First order perturbation theory

In summary, the perturbation on the normal hydrogenic Hamiltonian is represented by the difference between the perturbed Hamiltonian and the original Hamiltonian. This can be calculated by subtracting the two Hamiltonians in the two different regions, r > r_0 and r \le r_0.
  • #1
Joe_UK
6
0
The potential of an electron in the field of a nucleus is:

-Ze^2/(4 Pi Epsilon0 r) r > r0
-Ze^2/(4 Pi Epsilon0 r0) r <= r0

where r0 is the fixed radius of the nucleus.

What is the pertubation on the normal hydrogenic Hamiltonian?

Calculate the change in energy of the 1s state to the first order.

Hint: If r0 is small e^(-r0/a0) ~ 1-r0/a0

-----

So I know the normal hydrogen Hamiltonian potential part is -Ze^2/(4 Pi Epsilon0 r) and I have been fiddling around with trying different terms added onto this such as:

-Ze^2/(4 Pi Epsilon0 (r0-r)) or -Ze^2/(4 Pi Epsilon0 r0/r)

However I can't find a pertubation that really seems to make sense or fit the original conditions. I think that the pertubation should also possibly be a constant not dependant on r, but I can't seem to find any at all that fit. I tried

-Ze^2/(4 Pi Epsilon0 r0)

but this just gave a potential 2x too big at r0. I know how to find the change in energy by <u*|H'|u> once I have the pertubation, but its just eluding me.

Cheers,
Joe
 
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  • #2
Well, the perturbation is what you add on to the original Hamiltonian to give the perturbed Hamiltonian:
[tex]H = H_0 + H'[/tex]
You can easily rearrange that to
[tex]H' = H - H_0[/tex]
But you know [itex]H[/itex] and [itex]H_0[/itex], so it should be a simple matter to find [itex]H'[/itex] by subtracting one from the other. It's slightly "unsimple" (I hesitate to say complicated) because [itex]H[/itex] is a piecewise function, with different definitions in two regions. All that really means, though, is that you need to calculate [itex]H'[/itex] separately in each of the two regions. Do one subtraction for [itex]r > r_0[/itex] and one for [itex]r \le r_0[/itex].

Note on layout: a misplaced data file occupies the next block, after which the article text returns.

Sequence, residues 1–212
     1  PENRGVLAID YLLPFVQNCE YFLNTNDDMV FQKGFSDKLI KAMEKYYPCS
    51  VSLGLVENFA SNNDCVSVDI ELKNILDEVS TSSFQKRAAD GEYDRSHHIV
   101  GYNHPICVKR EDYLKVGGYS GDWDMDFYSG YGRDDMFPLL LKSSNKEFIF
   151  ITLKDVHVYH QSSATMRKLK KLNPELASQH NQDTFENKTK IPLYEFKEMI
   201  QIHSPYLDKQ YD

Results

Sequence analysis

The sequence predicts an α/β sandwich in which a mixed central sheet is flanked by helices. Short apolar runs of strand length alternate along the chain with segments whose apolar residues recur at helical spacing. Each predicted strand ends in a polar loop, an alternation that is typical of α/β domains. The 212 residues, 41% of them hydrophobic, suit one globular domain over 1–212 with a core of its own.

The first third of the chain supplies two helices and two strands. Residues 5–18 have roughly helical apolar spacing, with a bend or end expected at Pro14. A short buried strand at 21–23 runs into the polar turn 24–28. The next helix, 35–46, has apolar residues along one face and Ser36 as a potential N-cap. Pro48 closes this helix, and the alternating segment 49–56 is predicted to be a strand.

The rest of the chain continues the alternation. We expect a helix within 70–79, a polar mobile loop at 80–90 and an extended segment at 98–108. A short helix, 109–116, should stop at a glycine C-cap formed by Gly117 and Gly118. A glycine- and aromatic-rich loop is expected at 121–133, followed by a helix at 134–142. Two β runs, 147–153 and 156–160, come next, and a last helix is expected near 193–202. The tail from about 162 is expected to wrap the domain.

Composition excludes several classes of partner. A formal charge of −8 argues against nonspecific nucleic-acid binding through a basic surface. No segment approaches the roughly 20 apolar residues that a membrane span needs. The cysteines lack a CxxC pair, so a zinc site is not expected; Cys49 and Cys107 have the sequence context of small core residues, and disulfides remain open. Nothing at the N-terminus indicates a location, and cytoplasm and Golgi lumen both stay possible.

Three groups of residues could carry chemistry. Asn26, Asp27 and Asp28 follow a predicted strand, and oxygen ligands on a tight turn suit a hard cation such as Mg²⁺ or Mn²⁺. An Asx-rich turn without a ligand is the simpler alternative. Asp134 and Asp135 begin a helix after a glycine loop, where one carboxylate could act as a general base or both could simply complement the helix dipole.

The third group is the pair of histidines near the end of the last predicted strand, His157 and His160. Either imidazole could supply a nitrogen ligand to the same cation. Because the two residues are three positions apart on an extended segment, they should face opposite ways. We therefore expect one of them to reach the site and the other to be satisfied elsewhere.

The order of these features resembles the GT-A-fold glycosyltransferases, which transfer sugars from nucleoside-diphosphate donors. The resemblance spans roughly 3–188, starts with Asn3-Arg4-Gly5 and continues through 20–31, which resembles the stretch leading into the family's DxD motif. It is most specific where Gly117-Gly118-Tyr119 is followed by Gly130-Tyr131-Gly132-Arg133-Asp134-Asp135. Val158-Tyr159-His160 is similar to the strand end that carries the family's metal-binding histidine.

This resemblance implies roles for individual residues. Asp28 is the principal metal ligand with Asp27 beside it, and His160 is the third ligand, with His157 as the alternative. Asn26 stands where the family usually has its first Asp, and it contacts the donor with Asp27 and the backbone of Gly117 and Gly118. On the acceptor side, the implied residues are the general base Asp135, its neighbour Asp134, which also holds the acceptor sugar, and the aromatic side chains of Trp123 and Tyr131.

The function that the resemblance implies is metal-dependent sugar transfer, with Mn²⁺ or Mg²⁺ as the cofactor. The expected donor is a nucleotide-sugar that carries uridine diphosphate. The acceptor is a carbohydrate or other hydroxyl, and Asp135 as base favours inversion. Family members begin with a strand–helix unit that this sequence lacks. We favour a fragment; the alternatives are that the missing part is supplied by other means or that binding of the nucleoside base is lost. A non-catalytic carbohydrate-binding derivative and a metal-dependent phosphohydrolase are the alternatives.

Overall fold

Related to First order perturbation theory

1. What is first order perturbation theory?

First order perturbation theory is a method used in quantum mechanics to approximate the energy levels and wavefunctions of a system when a small perturbation is applied. It is based on the assumption that the system can be separated into an unperturbed part, whose energy levels and wavefunctions are known, and a perturbation that slightly modifies the system's Hamiltonian.

2. When is first order perturbation theory applicable?

First order perturbation theory is applicable when the perturbation is small compared to the unperturbed part of the system and when the energy levels of the unperturbed system are known. It is also applicable when the perturbation is time-independent, meaning that it does not change with time.

3. How is first order perturbation theory used in practice?

To use first order perturbation theory, one must first determine the unperturbed energy levels and wavefunctions of the system. Then, the perturbation is added to the Hamiltonian, and the new energy levels and wavefunctions are calculated using the first order perturbation formula. This allows for an approximation of the system's behavior under the perturbation.

4. What are the limitations of first order perturbation theory?

First order perturbation theory is limited by the assumption that the perturbation is small compared to the unperturbed part of the system. If this assumption is not valid, higher order perturbation theory methods may be necessary. Additionally, first order perturbation theory is only applicable to time-independent perturbations.

5. What are some real-world applications of first order perturbation theory?

First order perturbation theory is used in many areas of physics, including atomic and molecular physics, solid state physics, and quantum chemistry. It is also used in engineering applications, such as in the study of electric circuits and mechanical systems. Additionally, first order perturbation theory has been used in the analysis of financial markets and economic systems.

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